Played in first-person, so far the concept is navigating puzzles while occasionally possessing demons to keep eventually find a way free from this. The trailers have painted Agony in similar ranks to Outlast, which is fine company to be in.

Currently there is no release date for the game outside of a vague Q4 2017 listing. Regardless, this one is worth keeping on your radar. Or if nothing else, now is a good time to get those much needed upgrades to make games like this really pop. This is probably also not a good game for people who do psychedelics. Just saying.

Like seriously, what the fuck?

Review – Fire! Explosions! Knocking Bitches Out! Mad Max

MadMax1

Mad Max is a game that should’ve been made long ago. The films are cult legends, even the shitty one with Tina Turner. Fury Road reinvigorated the franchise and brought it back into public consciousness despite the game missing the film’s release by months (though landed alongside the DVD release). Open world games have grown in sophistication, opening up possibilities. Mad Max is about driving hard, being mad and fighting crazy people. As open world titles go this game a no brainer. So why hasn’t it gotten the love it deserves? As fun as Mad Max can be, it doesn’t feel like it’s gotten much TLC.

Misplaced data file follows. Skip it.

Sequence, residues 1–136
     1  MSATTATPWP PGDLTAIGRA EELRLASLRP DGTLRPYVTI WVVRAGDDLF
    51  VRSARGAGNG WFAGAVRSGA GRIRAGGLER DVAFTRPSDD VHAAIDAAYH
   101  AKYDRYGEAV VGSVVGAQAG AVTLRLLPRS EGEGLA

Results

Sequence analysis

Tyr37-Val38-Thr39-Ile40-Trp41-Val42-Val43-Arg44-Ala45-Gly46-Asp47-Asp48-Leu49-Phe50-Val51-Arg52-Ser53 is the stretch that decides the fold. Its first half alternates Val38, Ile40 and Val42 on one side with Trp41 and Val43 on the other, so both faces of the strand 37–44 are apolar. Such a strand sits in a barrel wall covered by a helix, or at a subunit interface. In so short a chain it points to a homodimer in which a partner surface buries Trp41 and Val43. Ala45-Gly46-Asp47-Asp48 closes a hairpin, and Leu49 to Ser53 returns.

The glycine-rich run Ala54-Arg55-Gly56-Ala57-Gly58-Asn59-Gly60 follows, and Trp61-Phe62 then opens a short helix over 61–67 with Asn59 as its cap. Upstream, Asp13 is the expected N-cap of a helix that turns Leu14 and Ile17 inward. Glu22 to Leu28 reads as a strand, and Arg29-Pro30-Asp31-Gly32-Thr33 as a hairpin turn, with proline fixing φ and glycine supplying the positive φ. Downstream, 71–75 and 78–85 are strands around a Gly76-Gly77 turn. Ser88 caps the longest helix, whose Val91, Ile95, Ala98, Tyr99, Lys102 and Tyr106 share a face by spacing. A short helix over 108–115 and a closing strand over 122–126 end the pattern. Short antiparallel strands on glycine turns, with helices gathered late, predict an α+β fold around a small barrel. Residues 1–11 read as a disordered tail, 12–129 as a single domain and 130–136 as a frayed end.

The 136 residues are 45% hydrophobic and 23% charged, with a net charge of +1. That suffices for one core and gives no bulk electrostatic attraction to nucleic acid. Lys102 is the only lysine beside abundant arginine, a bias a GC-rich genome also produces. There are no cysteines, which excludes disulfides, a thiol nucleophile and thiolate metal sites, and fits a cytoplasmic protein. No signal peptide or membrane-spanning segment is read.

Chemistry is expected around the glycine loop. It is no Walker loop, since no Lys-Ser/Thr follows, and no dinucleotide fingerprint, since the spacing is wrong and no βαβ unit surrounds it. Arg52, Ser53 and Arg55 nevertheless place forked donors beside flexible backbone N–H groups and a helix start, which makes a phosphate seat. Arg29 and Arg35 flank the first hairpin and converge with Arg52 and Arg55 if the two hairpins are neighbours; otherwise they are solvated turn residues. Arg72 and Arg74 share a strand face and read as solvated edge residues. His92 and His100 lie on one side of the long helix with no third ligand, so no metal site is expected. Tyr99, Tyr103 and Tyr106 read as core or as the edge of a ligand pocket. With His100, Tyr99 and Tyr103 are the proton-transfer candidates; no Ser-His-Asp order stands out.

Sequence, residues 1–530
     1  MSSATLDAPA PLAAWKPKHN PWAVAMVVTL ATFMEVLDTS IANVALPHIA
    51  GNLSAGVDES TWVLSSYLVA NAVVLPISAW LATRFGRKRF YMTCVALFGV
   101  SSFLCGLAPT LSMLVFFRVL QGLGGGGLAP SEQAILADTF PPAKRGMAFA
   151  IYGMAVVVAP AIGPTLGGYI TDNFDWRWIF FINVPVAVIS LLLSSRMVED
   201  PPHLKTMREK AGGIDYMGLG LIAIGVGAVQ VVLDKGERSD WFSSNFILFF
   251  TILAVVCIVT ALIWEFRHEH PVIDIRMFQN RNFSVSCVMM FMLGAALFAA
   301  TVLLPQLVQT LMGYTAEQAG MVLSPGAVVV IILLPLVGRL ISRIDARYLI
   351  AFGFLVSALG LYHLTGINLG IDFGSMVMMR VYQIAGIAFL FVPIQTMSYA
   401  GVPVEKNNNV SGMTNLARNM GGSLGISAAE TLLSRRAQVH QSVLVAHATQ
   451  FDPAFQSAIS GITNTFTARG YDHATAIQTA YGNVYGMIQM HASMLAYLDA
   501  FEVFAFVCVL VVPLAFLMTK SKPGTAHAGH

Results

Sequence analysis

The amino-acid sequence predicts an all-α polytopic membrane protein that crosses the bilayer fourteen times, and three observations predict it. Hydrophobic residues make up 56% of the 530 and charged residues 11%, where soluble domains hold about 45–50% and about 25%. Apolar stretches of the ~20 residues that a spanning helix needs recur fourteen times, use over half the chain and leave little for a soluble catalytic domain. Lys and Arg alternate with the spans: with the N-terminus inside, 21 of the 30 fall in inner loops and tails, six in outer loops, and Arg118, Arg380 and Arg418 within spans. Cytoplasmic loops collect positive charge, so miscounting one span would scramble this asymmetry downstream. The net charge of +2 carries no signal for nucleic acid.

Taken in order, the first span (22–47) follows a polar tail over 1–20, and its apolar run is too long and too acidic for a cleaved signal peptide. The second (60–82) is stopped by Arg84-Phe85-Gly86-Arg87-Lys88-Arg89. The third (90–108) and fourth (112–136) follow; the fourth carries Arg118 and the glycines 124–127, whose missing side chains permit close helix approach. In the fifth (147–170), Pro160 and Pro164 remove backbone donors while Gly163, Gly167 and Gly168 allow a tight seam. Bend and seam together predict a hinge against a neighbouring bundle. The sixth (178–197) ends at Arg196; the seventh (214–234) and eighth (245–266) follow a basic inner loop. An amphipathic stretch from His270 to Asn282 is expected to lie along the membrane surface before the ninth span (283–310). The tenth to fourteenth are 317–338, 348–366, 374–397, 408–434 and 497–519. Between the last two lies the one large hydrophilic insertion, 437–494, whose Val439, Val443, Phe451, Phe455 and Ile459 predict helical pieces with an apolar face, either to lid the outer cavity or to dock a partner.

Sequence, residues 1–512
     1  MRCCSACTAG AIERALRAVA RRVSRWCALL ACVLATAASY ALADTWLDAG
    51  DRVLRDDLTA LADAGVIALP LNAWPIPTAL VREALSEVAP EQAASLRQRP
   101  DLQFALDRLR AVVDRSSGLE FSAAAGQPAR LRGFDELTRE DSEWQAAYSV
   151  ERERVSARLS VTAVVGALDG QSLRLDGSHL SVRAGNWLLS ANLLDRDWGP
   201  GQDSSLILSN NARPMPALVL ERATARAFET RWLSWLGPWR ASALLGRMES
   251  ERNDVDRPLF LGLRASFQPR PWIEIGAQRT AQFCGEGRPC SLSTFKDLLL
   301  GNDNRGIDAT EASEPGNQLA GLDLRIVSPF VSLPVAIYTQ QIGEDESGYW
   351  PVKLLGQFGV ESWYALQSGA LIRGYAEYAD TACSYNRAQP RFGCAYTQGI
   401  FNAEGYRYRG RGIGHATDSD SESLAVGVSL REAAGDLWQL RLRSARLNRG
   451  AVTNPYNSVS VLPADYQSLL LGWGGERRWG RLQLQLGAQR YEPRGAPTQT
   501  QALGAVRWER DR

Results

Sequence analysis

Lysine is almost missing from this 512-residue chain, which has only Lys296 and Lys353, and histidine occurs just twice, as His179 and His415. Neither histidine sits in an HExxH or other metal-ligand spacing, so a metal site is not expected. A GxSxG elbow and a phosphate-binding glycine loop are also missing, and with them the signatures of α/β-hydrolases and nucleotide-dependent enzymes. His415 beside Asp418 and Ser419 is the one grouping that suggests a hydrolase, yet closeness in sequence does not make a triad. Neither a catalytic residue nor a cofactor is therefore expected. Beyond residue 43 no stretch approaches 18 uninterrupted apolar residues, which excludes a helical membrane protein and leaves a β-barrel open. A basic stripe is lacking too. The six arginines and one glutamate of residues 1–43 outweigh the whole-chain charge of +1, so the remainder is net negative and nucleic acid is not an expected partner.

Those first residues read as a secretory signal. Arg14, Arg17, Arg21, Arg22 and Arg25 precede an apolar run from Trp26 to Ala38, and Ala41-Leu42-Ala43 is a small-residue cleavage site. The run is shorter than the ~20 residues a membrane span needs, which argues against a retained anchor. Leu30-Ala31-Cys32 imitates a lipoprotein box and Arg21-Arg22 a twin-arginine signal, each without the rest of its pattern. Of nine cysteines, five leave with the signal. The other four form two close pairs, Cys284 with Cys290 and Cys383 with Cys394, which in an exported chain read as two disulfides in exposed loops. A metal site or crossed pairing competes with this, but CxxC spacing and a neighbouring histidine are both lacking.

Let’s be straight about this though: the Mad Max franchise isn’t about intellectual discovery or a deep narrative. It’s about watching angry, psychotic people committing mass vehicular manslaughter as an unhinged Mel Gibson stomps the desert. The game pretty much reflects this down to the letter, minus Mel Gibson. Instead Max is voiced by a man I swore was Kano from the 1995 Mortal Kombat movie (it’s not unfortunately, for the record). Avalanche Studios did a great job making the world look very gritty and real. This is where the Photo Editor is a blast to mess with, as you creator your own Road Warrior-styled shots that look great.

MadMax2

Much of Mad Max’s gameplay has been cribbed from other games, sort of like how Darksiders played out. Combat is taken directly from the Batman Arkham series; it’s free-roaming, systematic base-blowing up/wire-shooting antics was provided by Just Cause (which was also developed by Max’s creators), and a fun photo editor as last seen in Shadow of Mordor. The whole package comes together alright but doesn’t feel wholly fleshed out. Combat feels sluggish and without fluidity. I get Max isn’t Batman. You’re a banged up wastelander, but combat still doesn’t feel responsive. It’s also easy to simply blast on the offensive and roll away, versus trying to take on crowds of people with a stunted counter system.

The game forces you into on-foot confrontations more than it should. Car combat is the star of the game, hands down. Fighting off four cars while blaring down the wastes is a blast, ramming into each other at high speed is exciting. Especially when you start tooling around with your grappling hooks and pulling drivers right out of their cars, or ripping their wheels off. Fighting fisticuffs? Not as great as you’d think.

MadMax3

On-foot controls feel sluggish and awkward, but have a satisfying sound to knocking someone out. While Max is always equipped with a shotgun (and a sniper rifle in the Magnum Opus), gunplay is super weak and awkward to control. Not to metion ammo is in short supply (both on the field and how much you can carry), so for the most part you’ll need to rely on Max’s fists to solve most of your out-of-the-car problems.